Q: What is polarization? 
A: Polarization is like noise-canceling headphones for your eyes. Glare off of horizontal surfaces like snow, water, and asphalt, decreases depth perception, reduces visual acuity, and causes eye fatigue. We precisely align the polarized visual layer inside our lenses to filter out 99.9% of this 'visual static' for a finely tuned view of the action. Carbonic lenses are engineered to be the most impact resistant lens material in the world. Injection molded with Tapered Lens Technology for optical precision and a high level of protection.

Q: How does a polarized lens reduce glare? 
A: Smith's polarized lenses utilize energized iodine crystals that are positioned in vertical rows on a thin piece of film and provide the protection you need. This film is sandwiched between two layers of lens material or injection-molded material to create a molecular bond. The filter within the lens allows selected light rays to reach the eye while absorbing reflected glare or polarized light. When a polarizing film or filter is properly positioned in front of reflected light rays, the glare is blocked. Carbonic lenses are engineered to be the most impact resistant lens material in the world. Injection molded with Tapered Lens Technology for optical precision and a high level of protection.

Q: How are Smith's polarized lenses constructed? 
A: Smith's polarized lenses are constructed of a sheet of film that is sandwiched between two pieces of lens material. We then add layers of anti-scratch protection, multi-layer mirror coating, and a hydrophobic coating that will repel water and moisture. The PVA film molecule alignment is such that it allows only vertical light waves to pass through the lens (somewhat like a venetian blind), thus eliminating glare. Cheap polarized lenses do not use these materials and can cause distortion in your vision, which may eventually lead to headaches.Carbonic lenses are engineered to be the most impact resistant lens material in the world. Injection molded with Tapered Lens Technology for optical precision and a high level of protection.

Q: What is polarchromic? 
A: The glare stopping benefits of polarization meet tint shifting photochromic magic in the most advanced lenses we have ever created. Versatile and comfortable, Smith Polarchromic lenses automatically darken or lighten as a response to the level of light you are exposed to.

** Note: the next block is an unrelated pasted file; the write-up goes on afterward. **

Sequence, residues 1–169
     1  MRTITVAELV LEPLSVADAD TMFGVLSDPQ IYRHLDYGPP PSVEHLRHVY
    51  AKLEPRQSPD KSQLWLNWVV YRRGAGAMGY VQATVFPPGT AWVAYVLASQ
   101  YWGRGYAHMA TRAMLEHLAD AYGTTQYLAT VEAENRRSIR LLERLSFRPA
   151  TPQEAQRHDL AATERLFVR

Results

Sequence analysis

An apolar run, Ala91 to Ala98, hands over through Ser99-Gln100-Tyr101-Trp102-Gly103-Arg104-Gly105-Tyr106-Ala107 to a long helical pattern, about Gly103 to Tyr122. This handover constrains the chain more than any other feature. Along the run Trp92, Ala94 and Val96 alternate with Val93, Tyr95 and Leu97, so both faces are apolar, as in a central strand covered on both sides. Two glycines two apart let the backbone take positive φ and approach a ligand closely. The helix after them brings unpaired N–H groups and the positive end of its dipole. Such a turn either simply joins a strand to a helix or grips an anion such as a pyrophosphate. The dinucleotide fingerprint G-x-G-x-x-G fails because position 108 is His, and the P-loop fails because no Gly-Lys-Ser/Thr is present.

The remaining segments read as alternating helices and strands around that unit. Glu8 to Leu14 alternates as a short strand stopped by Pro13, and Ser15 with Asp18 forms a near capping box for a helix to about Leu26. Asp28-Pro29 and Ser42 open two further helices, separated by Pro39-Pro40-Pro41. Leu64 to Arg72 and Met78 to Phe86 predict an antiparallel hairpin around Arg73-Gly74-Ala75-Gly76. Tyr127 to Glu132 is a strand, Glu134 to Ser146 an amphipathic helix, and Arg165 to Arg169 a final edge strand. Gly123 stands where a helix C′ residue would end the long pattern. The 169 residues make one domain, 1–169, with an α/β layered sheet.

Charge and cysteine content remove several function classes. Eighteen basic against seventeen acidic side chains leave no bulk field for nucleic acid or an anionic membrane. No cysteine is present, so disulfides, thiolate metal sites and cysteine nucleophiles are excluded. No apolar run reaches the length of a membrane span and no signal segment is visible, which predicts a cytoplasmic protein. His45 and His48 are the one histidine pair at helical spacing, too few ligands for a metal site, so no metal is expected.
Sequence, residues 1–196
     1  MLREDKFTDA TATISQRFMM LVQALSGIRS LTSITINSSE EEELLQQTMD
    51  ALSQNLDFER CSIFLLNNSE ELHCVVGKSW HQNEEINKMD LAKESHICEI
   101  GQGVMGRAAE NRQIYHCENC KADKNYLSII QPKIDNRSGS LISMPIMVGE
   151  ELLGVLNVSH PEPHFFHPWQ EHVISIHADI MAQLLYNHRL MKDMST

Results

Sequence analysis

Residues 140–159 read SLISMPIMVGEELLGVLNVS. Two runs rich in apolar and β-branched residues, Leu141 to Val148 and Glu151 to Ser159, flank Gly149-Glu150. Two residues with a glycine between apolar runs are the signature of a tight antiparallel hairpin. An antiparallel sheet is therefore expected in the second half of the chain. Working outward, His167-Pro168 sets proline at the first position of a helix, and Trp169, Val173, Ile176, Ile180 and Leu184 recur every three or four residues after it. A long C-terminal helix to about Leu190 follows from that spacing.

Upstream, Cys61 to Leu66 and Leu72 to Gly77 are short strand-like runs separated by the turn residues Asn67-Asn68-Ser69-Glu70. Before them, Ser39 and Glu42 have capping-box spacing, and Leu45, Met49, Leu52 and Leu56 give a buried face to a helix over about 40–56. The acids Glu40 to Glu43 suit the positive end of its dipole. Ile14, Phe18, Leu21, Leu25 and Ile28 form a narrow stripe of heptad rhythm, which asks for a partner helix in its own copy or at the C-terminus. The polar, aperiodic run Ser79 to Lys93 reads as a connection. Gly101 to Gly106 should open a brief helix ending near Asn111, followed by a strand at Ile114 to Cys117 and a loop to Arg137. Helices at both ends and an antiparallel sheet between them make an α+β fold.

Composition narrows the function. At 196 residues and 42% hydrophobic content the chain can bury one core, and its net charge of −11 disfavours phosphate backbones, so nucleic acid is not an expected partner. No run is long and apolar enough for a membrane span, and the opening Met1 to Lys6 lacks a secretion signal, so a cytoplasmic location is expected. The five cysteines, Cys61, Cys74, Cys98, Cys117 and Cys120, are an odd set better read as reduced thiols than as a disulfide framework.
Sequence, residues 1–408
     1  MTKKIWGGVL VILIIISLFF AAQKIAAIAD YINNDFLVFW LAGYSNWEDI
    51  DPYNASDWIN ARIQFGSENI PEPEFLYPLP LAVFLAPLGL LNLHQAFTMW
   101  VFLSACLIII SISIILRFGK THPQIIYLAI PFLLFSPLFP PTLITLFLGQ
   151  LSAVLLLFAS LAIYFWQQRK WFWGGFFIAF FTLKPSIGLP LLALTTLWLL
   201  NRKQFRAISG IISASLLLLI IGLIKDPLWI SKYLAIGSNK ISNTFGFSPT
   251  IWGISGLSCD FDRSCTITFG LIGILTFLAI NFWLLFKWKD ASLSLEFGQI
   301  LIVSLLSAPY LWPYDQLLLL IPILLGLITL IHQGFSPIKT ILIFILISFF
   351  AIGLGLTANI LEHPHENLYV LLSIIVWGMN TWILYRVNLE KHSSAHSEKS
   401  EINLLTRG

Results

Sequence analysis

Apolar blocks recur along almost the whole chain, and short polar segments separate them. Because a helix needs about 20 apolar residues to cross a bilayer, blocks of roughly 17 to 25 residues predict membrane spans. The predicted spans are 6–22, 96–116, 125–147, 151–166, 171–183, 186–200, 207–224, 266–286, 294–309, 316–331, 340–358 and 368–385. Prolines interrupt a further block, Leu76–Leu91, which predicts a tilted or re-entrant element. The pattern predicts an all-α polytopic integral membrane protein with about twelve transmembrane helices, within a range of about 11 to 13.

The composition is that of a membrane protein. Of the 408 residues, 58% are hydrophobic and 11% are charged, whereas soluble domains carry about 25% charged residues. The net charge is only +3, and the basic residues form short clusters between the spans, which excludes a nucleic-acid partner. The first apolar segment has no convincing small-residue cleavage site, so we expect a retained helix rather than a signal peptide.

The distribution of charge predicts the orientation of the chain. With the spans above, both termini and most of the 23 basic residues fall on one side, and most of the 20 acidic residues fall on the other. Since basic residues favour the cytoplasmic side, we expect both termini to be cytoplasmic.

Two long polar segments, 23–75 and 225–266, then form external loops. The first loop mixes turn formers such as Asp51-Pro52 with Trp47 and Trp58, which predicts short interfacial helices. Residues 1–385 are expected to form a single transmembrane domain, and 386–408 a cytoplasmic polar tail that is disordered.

Q: How are carbonic lenses different from other lenses? 
A: Carbonic lenses are engineered to be the most impact resistant lens material in the world. Injection molded with Tapered Lens Technology for optical precision and a high level of protection.

Q: How does the hydrophobic coating on your Smith sunglasses help? 
A: The hydrophobic coating repels moisture, grease, and grime. A barrier between your lenses and the world. Water will bead up and disperse without streaking. Smudges from fingerprints are wiped clean easily. Carbonic lenses are engineered to be the most impact resistant lens material in the world. Injection molded with Tapered Lens Technology for optical precision and a high level of protection.

Q: What is Smith Techlite Glass?
A: Our Techlite Glass Polarized lenses deliver the highest level of visual clarity and scratch resistance with distortion-free performance.

Q: Does Smith Glasses comes in hard-shell cases? 
A: Yes, All models comes with a nice hard-shell case. 

Q: What makes a handmade acetate frame unique? 
A: A handmade acetate frame involves a 33-step handcrafted process that features the inclusion of wire-core temples for a customized fit. A huge variety of rich color combinations that possess depth and have a distinct character are made possible with this material.

Q: What is a hydrophilic megol? 
A: Placed at the nose and on the temple tips, this material gently grips your skin to help keep your frame in place. The gripping power increases when introduced to moisture.

Q: What base curves do Smith sunglasses use? 

A: The base curve is the radius of the sphere measured from the back of the lens. Smith features styles with 6, 8, and 9 base lens curvature. Models that include 6 base tend to be more flat relative to your face front. While 9 base styles provide the maximum amount of wrap around your face.




LOON OUTDOORS